4. On the other hand in para. 3 it is stated that she 'admitted her debt by hatchhitta' and in para. 6 a decree against her personally is all that is prayed for. The estate in the hands of the reversioners would ordinarily only be liable for her husband's debts or for her debts if incurred for the benefit of the estate or for her necessities. Her husband died in 1295 B.S. and there is no reliable evidence that there were any debts of her husband left unpaid in 1328 B.S., 33 years later. Even the plaint does not allege that there were still any debts of her husband subsisting. It does indeed allege that the debts of Nityakali were incurred for the benefit and for the necessity of the estate. There is no direct evidence whatever of this, but it is suggested that since some of the property was sold under the management of two of the petitioners for the payment of her debts, these debts must have been her husband's debts or debts incurred for the benefit of the estate. This does not at all follow. The accounts have not been produced to show why the debts were incurred, and there is no reason to suppose that the objectors are wrongfully withholding accounts which are in their hands, or that the debts were incurred either for the benefit of the estate or for necessities of the widow. The statement of the witness Deb Narain Mukherjee that the amount of the last dastabez for Rs. 16,000 or Rs. 17,000 was due on account of loans taken by Rakhaldas from the decree-holder has practically no value. He served in the estate only from 1325 B.S. as record-keeper and law clerk, and then as naib. He admits he had no connexion with the estate before 1325 B.S. and there are no records produced in proof of what occurred previously, or to corroborate him. The claim of the petitioner therefore does not gain any support from the fact that the estate would vest absolutely in the widow for the purpose of payment of the debt of the husband as implied in the case of Jugol Kishore v. Jatindra Mohan Tagore (1884) 10 Cal 985 cited by the petitioners. On the other hand it was held in that case that:

If the suit is for a personal claim against the widow then merely the widow's qualified interest is sold and the reversionary interest is not bound by it.

5. Further authority for this is to be found in the cases of Lalit Mohun Pal v. Dayamoyi Roy and Giribala Dassi v. Srinath Chandra (1908) 12 C W N 769. The first point must therefore be decided against the appellants. Now as to the second point, viz., that the objectors are liable or the estate of the Rakhaldas is liable on account of the compromise in the Privy Council Appeal No. 10 of 1925. The clause in the compromise relied on by the appellants is Clause 4 which reads as follows:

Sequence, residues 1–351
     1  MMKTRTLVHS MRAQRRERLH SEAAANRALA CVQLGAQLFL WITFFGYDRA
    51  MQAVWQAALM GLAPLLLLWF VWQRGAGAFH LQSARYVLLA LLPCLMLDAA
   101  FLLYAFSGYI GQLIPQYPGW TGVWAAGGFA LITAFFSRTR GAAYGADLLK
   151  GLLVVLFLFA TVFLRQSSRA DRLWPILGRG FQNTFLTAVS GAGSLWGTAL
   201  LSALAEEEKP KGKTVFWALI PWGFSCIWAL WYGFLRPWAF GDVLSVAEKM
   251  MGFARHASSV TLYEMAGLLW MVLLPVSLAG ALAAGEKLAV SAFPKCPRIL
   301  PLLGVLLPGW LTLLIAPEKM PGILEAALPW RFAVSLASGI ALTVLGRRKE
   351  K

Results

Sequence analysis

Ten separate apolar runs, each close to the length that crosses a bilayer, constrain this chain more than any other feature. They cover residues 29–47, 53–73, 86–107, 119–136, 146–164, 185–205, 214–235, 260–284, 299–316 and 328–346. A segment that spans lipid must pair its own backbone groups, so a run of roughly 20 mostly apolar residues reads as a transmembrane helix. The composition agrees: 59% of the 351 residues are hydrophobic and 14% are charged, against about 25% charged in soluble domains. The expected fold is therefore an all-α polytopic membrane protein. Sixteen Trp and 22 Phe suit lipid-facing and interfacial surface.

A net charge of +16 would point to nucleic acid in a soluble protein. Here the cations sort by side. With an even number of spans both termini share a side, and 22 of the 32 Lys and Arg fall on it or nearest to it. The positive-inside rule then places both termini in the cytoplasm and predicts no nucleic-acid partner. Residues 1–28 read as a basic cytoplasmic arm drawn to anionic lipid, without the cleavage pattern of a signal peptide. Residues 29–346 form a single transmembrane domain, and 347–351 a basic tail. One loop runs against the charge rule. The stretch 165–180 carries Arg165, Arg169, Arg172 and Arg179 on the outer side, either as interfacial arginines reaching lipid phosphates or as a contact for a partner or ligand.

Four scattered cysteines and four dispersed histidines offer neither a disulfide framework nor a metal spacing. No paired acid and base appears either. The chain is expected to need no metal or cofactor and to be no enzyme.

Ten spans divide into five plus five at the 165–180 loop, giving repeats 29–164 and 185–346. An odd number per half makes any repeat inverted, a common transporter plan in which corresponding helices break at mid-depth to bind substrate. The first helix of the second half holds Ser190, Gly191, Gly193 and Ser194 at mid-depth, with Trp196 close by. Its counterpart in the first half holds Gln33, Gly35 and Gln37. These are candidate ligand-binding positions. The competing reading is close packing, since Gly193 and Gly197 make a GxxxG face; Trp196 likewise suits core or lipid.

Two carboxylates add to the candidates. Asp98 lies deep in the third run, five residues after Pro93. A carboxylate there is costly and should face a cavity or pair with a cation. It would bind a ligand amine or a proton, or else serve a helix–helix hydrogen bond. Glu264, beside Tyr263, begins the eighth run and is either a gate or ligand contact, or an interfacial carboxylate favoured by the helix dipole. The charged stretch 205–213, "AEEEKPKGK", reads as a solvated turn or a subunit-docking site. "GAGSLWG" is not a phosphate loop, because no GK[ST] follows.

That out of the income of the secular properties of the first party the managers after paying the Government revenues, cesses and other rents and portion of the management expenses so far as the said secular estates are concerned and after paying the debts due by the first party to the creditors and other dues from the estate shall keep the balance thereof if any as a reserve fund which will be corpus of the said debuttar estate.

6. The suit was one brought by the objectors against Nityakali and others for a declaration that certain properties were debuttar; for the removal of Nityakali from the shebaitship of those properties, and for the appointment of a receiver in her place to manage the properties. By the compromise it was agreed that the findings of the High Court as regards the character of the properties should stand; that Syama Charan Nath and Radhaballab Nath (2 of the objectors in this case) should act as joint managers during the lifetime of Nityakali both of the secular and debuttar properties left by her husband; that (as stated in Clause 4) Nityakali'a debts were to be paid out of the income of the secular properties; that the plaintiffs and Nityakali were to be paid certain allowances from the income of the secular estate, the managers were to be paid Rs. 2,000 each on the occasion of the marriage of one of their daughters and Nityakali was to be paid Rs. 17,000 within three years. The order of the Court on the application for leave to appeal to the Privy Council was as follows;